One nonprofit’s ambitious new innovation for rare blood cancer patients
Good afternoon, readers.
Longtime readers are likely familiar with the Multiple Myeloma Research Foundation (MMRF), the largest nonprofit group for patients who have the rare blood cancer. On Tuesday, the group launched an ambitious new initiative called “CureCloud” into which founder Kathy Giusti gave Fortune a first look.
Giusti’s organization has been at this work for well over two decades and her philosophy—guided by experiences as a pharmaceutical executive, a multiple myeloma patient herself, and now a nonprofit leader—is simple: You need to provide the patients true value and break down the walls of academia to spur cancer drug development.
She describes CureCloud as a “crescendo of disruption.”
“With our support, anyone can now get sequenced,” Giusti tells me. “It doesn’t matter what your economic status is, we will sequence you if you raise your hand.”
The concept is (and you can read much more about it in my story from this morning) a technician can come into a patient’s home, conduct a blood test that will allow for that person’s genomic sequencing, and then get personalized information about which treatments and medical choices will work best for them. That can simultaneously inform patients while spurring new drug development in a democratized process.
It sounds like services such as 23andMe and Ancestry. But there’s a key difference. This is all free.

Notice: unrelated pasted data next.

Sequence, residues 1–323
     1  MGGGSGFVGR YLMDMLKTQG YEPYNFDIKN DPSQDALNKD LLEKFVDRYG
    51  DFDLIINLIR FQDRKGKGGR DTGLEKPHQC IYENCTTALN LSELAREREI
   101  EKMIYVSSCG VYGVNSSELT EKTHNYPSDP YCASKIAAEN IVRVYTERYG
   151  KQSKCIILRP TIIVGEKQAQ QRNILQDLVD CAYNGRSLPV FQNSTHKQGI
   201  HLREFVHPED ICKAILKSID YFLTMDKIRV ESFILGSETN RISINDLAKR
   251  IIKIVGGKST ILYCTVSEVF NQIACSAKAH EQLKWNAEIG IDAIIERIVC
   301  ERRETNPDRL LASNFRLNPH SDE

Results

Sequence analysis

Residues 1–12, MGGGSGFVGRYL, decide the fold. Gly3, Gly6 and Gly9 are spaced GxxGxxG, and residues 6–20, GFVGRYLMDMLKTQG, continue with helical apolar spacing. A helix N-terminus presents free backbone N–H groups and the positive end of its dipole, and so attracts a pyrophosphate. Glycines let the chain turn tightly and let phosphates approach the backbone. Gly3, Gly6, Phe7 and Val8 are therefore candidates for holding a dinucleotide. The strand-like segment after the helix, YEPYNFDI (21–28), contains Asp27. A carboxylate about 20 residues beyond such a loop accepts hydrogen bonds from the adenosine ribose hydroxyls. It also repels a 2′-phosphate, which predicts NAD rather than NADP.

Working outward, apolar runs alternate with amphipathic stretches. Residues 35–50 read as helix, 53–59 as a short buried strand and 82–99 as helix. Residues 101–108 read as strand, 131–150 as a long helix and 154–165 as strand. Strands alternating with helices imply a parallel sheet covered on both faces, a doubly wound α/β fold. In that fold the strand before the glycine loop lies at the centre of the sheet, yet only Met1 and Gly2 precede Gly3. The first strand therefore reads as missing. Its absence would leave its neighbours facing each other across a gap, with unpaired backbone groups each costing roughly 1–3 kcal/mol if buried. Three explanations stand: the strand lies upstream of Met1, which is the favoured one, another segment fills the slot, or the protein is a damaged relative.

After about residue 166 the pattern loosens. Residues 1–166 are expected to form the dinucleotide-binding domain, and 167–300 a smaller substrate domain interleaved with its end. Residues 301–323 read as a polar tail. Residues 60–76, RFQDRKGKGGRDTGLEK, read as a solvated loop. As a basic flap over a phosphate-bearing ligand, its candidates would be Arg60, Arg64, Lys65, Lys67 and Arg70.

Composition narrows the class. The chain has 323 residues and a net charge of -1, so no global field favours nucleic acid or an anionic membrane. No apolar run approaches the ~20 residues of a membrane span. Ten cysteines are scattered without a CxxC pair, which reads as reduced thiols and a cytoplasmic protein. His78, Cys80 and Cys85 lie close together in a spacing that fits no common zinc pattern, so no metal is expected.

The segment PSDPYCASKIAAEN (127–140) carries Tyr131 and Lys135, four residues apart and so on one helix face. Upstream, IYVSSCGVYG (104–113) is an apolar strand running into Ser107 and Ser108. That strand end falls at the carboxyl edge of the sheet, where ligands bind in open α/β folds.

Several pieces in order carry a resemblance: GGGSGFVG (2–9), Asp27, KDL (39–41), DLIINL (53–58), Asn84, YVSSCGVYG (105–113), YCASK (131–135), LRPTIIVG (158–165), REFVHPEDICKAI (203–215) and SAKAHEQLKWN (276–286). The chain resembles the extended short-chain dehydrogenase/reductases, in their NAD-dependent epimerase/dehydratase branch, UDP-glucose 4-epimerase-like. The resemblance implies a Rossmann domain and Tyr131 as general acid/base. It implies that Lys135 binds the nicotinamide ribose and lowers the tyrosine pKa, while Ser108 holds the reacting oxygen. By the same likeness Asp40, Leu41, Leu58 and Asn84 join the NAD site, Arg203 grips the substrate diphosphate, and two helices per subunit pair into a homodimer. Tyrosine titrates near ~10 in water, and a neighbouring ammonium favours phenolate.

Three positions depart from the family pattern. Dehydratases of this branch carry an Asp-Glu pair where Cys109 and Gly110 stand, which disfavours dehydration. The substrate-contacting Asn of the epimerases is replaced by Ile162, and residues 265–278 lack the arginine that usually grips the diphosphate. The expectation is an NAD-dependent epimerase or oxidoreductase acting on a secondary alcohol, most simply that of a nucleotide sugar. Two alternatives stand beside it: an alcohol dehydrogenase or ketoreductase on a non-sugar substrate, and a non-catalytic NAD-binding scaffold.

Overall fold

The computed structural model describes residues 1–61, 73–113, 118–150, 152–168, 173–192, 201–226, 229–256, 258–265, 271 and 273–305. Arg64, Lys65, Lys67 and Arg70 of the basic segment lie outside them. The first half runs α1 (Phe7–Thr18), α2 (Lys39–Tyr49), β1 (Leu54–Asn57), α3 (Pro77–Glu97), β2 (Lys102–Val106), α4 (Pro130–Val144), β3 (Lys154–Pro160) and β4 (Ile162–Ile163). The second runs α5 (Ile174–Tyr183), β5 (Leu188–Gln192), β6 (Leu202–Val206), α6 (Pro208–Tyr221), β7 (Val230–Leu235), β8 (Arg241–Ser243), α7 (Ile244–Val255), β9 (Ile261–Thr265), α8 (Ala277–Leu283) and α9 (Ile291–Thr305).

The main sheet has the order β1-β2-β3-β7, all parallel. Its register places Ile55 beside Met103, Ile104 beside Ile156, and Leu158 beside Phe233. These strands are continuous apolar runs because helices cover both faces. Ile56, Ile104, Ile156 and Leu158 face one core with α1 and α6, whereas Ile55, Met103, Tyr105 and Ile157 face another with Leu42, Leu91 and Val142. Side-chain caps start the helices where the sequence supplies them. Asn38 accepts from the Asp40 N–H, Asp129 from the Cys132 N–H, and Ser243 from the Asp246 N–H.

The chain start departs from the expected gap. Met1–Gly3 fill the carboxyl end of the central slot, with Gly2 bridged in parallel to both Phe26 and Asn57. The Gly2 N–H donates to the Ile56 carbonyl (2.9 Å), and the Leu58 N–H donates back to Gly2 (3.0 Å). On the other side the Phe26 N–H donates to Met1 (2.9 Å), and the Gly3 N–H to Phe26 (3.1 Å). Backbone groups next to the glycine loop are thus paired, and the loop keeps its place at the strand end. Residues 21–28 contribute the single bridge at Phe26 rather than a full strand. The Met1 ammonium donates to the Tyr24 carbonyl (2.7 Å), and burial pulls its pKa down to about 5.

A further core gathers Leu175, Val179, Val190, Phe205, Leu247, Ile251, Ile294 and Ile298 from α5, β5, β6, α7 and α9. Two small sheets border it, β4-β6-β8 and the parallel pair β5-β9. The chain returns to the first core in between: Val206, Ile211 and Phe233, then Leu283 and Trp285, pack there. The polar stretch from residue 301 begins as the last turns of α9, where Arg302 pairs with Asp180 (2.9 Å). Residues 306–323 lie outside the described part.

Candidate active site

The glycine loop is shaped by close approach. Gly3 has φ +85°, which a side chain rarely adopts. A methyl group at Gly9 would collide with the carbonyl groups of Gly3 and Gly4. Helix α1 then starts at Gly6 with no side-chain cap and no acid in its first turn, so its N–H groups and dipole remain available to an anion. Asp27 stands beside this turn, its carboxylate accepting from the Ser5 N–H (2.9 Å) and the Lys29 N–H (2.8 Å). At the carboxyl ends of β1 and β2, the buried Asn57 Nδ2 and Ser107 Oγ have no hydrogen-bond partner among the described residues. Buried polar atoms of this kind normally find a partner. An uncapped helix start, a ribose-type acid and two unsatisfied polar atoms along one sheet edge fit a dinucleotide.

Read on for the day’s news.
A coronavirus test using... paper? Given the troubles of coronavirus testing (more on that below) new innovations in the space will prove critical. To that end, 3M is working with MIT in order to create a paper-based COVID test which they believe could be mass produced. "Our approach is ambitious, but our collective expertise can make a difference for people around the world, so we owe it to ourselves and society to give it our best effort," said John Banovetz, chief technology officer at 3M. (FierceBiotech)
Merck strikes HIV deal with Dewpoint worth up to $305 million. Merck became the latest company to team up with Dewpoint Therapeutics on Tuesday, in this case to develop HIV treatments with a deal worth up to $305 million. This adds to the $100 million arrangement between Dewpoint and Bayer to develop new heart and gynecological treatments. Merck is among a handful of big pharmas with a large presence in the infectious disease space. (BioSpace)
THE BIG PICTURE
Can coronavirus pass through pregnancy? My colleague Katherine Dunn delves into the complicated issue of whether or not coronavirus can afflict pregnant women, their fetuses, and their newborn children. There's significant nuance and controversy built into the issue, and Katherine parses them in clear terms following a new study from France suggesting coronavirus can be transmitted from mother to newborn in the womb. "Extensive blood testing of both the mother, the newborn, placenta and amniotic fluid revealed the baby had contracted COVID-19 through the mother's placenta," according to the research. But this is still a rare occurrence to date. (Fortune)
How the coronavirus has impacted VC dealmaking in 2020 so far, by Lucinda Shen
The class of 2020 is getting a crash course in job market uncertainty, by McKenna Moore